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What's So Unique About Meyer Lemons?

What’s the Difference Between Meyer Lemons and Regular Lemons?

Article by Hayley Hyer

Photography by The Kitchn

If you are looking into container gardening or growing your own fruit trees in your yard, have you considered a lemon tree? Lemon trees are easy to grow in the Earth or in a pot, and they provide beautiful bright yellow fruit that you can use for a variety of baked goods, cocktails, cleaning solutions and so much more.

When picking a lemon tree, you'll want to know a little bit about the different kinds of lemons first. There's your traditional lemon, and then there's the Meyer lemon. Kelli Foster from The Kitchn explains the difference between the two in What’s the Difference Between Meyer Lemons and Regular Lemons?

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Regular Lemons

When we talk about regular or common lemons, we’re usually referring to Eureka or Lisbon lemons. These are the two most common lemon varieties found in the produce section.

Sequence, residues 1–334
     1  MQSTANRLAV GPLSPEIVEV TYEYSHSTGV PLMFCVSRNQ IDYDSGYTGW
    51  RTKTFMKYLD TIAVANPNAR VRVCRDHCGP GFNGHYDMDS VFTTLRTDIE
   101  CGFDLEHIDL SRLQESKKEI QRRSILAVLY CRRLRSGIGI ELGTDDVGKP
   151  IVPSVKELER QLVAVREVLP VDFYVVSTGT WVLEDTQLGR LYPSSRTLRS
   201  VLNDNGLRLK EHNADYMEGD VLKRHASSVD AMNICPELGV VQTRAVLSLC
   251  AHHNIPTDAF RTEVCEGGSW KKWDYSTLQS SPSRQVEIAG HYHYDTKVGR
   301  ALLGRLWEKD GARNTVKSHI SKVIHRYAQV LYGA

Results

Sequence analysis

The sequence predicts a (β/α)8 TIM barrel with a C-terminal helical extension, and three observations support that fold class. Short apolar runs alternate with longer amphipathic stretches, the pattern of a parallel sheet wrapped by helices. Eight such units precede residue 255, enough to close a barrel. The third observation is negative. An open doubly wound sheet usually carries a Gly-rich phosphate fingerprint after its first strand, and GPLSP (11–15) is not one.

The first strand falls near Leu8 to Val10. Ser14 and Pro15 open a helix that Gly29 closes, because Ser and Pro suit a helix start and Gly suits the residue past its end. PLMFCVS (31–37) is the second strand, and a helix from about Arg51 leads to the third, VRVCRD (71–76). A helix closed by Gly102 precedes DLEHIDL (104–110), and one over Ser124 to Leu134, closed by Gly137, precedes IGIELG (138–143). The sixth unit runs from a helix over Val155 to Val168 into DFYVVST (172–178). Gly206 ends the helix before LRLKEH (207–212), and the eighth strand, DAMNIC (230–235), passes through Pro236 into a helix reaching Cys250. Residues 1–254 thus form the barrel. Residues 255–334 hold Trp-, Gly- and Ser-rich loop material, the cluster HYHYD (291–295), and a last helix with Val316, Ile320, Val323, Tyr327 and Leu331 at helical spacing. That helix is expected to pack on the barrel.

• Appearance – Compared to their Meyer counterparts, regular lemons are noticeably larger in size, with thick, textured, bright, sunny skin, and medium yellow pulp.
  • Taste – There’s a reason most of us don’t eat them out of hand — regular lemons are highly acidic. They’re moderately sweet, but known for a tang that will make your mouth pucker.
  • Availability – While there are certain times of year that trees will bear more fruit, regular lemons know no season. You’ll find them readily available in the produce section all year long.

Meyer Lemons

Meyer lemons, on the other hand, were first introduced to the United States from China in the early 20th century by Frank Meyer, from whom they also got their name. This sweet winter citrus is thought to be a cross between a regular lemon and a mandarin orange. And that’s what really sets it apart.

  • Appearance – Meyer lemons are smaller and more round than regular lemons, with smoother, thin, deep yellow to orange skin, and dark yellow pulp. The differences are very distinct, especially when you see both varieties side by side.
  • Taste – While they’re moderately acidic, Meyer lemons don’t have the same tang as regular lemons. Instead, they’re much sweeter — so much so that some people enjoy adding the raw segments to their salads or desserts. Their rinds also have a more complex scent than regular lemons — a spicy bergamot fragrance that tastes and smells more like an herb or a spice.
  • Availability – While regular lemons are readily available all year long, Meyer lemons are more seasonal. Your best bet for finding them is from December through May.

READ MORE: What’s the Difference Between Meyer Lemons and Regular Lemons?